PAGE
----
An uncommon winter wonderland

JC AMBERLYN/Miner<br><br>
The Hualapai Mountains are reflected in a puddle along Andy Devine Avenue Tuesday evening.

JC AMBERLYN/Miner<br><br> The Hualapai Mountains are reflected in a puddle along Andy Devine Avenue Tuesday evening.

The moisture was anticipated, the snow not so much. Some forecasts called for snow levels at 4,000 feet Monday morning, but in Kingman (elevation 3,300) the rain turned to heavy snow, back to rain, then heavy snow again before 5 p.m.

It was, according to the Department of Public Safety, the worst snowstorm that agency ever had to deal with in Northern Arizona. Roads were closed, semis jackknifed on Interstate 40 and U.S. 93, and fenders met fenders all over the Kingman area.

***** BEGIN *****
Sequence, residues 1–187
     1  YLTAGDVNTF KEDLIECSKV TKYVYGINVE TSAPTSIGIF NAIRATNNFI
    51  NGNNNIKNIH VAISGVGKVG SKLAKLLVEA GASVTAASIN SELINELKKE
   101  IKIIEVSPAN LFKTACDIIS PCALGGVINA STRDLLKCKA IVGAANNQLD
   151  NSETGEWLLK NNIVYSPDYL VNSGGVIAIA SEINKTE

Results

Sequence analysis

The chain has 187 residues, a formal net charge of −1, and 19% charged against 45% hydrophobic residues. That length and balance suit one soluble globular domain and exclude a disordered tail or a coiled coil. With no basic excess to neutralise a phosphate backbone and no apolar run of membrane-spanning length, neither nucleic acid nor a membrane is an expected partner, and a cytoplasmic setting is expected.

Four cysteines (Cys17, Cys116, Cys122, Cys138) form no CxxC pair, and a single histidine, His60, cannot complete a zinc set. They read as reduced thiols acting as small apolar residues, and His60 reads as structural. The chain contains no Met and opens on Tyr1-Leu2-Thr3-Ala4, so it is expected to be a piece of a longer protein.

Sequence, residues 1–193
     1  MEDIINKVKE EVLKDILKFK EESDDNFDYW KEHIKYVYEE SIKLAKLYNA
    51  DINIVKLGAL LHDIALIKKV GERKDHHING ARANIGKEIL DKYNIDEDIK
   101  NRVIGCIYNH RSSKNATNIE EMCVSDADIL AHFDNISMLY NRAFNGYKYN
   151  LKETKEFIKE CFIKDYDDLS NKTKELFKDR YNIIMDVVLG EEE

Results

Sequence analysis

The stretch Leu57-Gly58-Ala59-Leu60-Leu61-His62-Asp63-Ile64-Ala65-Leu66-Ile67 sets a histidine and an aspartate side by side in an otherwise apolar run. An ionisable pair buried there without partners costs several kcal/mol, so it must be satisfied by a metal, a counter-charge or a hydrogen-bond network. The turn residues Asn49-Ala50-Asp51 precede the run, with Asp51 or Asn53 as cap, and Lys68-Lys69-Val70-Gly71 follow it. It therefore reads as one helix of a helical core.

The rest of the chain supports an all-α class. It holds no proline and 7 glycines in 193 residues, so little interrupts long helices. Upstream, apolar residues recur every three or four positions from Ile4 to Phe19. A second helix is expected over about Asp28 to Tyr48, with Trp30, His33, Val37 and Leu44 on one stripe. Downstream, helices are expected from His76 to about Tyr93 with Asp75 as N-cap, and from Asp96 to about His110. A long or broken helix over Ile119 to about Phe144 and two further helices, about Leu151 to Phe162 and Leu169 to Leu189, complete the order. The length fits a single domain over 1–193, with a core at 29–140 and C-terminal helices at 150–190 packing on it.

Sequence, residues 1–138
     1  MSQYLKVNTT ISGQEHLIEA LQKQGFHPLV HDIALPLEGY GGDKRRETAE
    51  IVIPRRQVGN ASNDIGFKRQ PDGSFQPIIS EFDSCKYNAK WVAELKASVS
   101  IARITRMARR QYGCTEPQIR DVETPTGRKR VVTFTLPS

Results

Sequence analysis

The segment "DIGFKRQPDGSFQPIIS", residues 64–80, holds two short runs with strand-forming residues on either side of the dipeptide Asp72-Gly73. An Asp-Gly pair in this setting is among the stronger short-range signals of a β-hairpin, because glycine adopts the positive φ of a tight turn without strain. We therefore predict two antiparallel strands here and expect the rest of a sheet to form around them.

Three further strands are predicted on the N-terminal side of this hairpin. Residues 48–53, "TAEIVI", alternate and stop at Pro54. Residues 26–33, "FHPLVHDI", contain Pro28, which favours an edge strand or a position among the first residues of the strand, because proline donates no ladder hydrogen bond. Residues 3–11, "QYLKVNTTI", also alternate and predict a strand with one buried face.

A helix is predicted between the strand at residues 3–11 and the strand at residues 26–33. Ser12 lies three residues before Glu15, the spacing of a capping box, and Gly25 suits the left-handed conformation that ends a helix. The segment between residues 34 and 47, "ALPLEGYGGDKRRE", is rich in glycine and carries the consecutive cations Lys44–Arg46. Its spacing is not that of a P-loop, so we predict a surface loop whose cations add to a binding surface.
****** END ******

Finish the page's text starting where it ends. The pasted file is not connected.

Motorists faced the uncommon task of clearing inches of the white stuff off their windshields, and many were greeted with an unwelcome cascade of snow when they arrived at their destination and opened the car door.

Four inches of wet, heavy snow fell in Kingman Monday through early Tuesday, with levels measured in feet rather than inches at higher elevations.

As is always the case at lower elevations, snowball warming followed the storm. The white landscape on Tuesday morning was largely gone later in the day, but snow still lingers in shaded areas and on roof areas that don't get much direct sunlight.